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    ABSTRACT: The regeneration capacity of cirrhotic livers might be affected by angiotensin-1 (AT1) receptors located on hepatic stellate cells (HSC). The effect of AT1 receptor blockade on microcirculation, fibrosis and liver regeneration was investigated. In 112 Lewis rats, cirrhosis was induced by repetitive intraperitoneal injections of CCl(4) . Six hours, 3, 7 and 14 days after partial hepatectomy or sham operation, rats were sacrificed for analysis. Animals were treated with either vehicle or 5 mg/kg body weight losartan pre-operatively and once daily after surgery by gavage. Microcirculation and portal vein flow were investigated at 6 h. The degree of cirrhosis was assessed by Azan Heidenhein staining, activation of HSC by desmin staining, apoptosis by ssDNA detection and liver regeneration by Ki-67 staining. Changes in expression of various genes important for liver regeneration and fibrosis were analysed at 6 h and 3 days. Haemodynamic parameters and liver enzymes were monitored. Losartan treatment increased sinusoidal diameter, sinusoidal blood flow and portal vein flow after partial hepatectomy (P<0.05), but not after sham operation. AT1 receptor blockade resulted in increased apoptosis early after resection. HSC activation was reduced and after 7 days, a significantly lower degree of cirrhosis in resected animals was observed. Losartan increased the proliferation of hepatocytes at late time-points and of non-parenchymal cells early after partial hepatectomy (P<0.05). Tumour necrosis factor (TNF)-α was significantly upregulated at 6 h and stem cell growth factor (SCF) was downregulated at 3 days (P<0.05). Losartan increased hepatic blood flow, reduced HSC activation and liver fibrosis, but interfered with hepatocyte proliferation after partial hepatectomy in cirrhotic livers.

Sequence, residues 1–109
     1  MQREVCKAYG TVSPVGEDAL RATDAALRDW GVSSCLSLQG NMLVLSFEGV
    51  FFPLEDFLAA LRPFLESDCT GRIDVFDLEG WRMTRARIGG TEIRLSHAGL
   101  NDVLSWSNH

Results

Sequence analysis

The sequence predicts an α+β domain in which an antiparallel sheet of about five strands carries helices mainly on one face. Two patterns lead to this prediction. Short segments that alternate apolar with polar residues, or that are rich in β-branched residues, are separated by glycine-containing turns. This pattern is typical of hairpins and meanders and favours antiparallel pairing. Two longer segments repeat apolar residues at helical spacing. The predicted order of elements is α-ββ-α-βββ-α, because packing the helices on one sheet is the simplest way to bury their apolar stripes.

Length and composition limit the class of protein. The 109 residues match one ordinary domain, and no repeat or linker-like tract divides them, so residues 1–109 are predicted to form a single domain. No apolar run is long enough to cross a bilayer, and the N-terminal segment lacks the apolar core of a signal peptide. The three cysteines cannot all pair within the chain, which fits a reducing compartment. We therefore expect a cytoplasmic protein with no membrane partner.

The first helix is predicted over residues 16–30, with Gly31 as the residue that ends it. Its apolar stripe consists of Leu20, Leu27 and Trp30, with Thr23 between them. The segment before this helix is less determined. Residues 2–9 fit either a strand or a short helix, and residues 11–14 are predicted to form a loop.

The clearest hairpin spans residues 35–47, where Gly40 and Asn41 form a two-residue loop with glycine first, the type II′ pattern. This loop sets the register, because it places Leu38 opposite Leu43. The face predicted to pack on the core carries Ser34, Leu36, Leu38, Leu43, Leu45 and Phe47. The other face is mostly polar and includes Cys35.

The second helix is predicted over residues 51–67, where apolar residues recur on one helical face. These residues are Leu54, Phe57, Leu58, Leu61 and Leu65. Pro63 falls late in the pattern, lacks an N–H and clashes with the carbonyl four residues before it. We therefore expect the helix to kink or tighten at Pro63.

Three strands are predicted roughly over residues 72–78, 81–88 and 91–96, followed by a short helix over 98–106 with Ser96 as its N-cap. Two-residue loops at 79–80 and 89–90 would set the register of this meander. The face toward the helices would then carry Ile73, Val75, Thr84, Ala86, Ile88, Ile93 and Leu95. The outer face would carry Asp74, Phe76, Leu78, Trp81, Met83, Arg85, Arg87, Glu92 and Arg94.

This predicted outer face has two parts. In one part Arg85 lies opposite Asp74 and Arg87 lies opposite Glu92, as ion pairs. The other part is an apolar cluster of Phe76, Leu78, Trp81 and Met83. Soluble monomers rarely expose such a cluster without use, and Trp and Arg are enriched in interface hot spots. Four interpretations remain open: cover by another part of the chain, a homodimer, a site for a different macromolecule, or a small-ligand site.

Liver international: official journal of the International Association for the Study of the Liver 05/2011; 31(5):642-55. · 3.87 Impact Factor
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    ABSTRACT: Type 2 familial partial lipodystrophy (FPLD) is an autosomal-dominant lamin A/C-related disease associated with exercise intolerance, muscular pain, and insulin resistance. The symptoms may all be explained by defective metabolism; however, metabolism at the tissue level has not been investigated. We hypothesized that in FPLD, insulin resistance and impaired aerobic exercise capacity are explained by a common underlying mechanism, presumably a muscular metabolic defect. Carbohydrate and lipid metabolism was studied on 10 FPLD patients, one patient with limb-girdle muscular dystrophy (LGMD1B, a different lamin A/C disease), and 10 healthy control subjects before and during an oral glucose tolerance test by indirect calorimetry and im microdialysis. Muscle biopsies were taken for in vitro studies. We observed marked increased skeletal muscle fatty acid beta-oxidation rate in vitro and in vivo, even after glucose ingestion in FPLD patients. However, fatty acid oxidation was largely incomplete and accompanied by increased ketogenesis. The lipid oxidation abnormality was associated with impaired glucose disposition through reduction in glucose oxidation, rather than decreased cellular glucose uptake. A microarray showed down-regulation of complex I respiratory chain, glycolysis, and nuclear transport genes. Although not overtly insulin resistant, the LGMD1B patient showed similar metabolic derangements as the FPLD patients. Our study suggests imbalance between lipid oxidation and oxidative glucose metabolism in FPLD and LGMD1B patients. The observation suggests an intrinsic defect in skeletal muscle metabolism due to lamin A/C dysfunction. The metabolic FPLD phenotype likely results from this intrinsic defect combined with lipodystrophic "lipid pressure" due to decreased adipose tissue lipid storage capacity.
    The Journal of Clinical Endocrinology and Metabolism 04/2010; 95(4):1634-43. · 6.31 Impact Factor